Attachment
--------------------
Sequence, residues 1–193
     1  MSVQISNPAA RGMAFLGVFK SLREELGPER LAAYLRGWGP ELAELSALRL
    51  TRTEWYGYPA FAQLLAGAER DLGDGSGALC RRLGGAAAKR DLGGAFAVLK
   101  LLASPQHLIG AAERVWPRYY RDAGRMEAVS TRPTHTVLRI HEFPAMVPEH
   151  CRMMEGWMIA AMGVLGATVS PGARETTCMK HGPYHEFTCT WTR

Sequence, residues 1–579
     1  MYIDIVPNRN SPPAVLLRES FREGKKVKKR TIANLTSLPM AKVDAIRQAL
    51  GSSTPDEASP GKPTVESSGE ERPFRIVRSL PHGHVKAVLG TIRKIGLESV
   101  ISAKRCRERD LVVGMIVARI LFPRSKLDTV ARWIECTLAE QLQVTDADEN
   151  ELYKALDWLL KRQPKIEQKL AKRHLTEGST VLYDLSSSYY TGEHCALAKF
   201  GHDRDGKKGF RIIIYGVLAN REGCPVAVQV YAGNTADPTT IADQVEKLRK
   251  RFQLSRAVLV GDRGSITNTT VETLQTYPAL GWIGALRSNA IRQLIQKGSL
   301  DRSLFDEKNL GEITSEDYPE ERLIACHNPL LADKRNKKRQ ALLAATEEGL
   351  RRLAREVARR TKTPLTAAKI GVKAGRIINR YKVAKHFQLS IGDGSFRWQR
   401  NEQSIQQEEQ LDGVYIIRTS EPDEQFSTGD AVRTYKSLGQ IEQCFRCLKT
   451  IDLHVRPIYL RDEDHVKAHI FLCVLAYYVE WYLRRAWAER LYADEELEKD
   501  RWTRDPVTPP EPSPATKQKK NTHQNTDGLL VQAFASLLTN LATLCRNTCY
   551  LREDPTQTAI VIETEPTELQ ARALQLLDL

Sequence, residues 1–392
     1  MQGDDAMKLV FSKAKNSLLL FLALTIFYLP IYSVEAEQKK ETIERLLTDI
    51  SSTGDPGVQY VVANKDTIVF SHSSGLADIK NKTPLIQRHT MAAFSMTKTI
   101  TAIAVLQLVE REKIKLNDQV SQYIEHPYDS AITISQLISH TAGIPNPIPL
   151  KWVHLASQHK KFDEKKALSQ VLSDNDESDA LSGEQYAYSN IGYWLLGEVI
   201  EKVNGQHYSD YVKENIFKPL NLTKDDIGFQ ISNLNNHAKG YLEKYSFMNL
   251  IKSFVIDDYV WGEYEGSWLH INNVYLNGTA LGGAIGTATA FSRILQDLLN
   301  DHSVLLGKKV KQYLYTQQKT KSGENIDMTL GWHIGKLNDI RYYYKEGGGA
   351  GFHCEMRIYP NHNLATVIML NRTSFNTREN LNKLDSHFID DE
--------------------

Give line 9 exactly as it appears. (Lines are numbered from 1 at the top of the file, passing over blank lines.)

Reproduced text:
   101  ISAKRCRERD LVVGMIVARI LFPRSKLDTV ARWIECTLAE QLQVTDADEN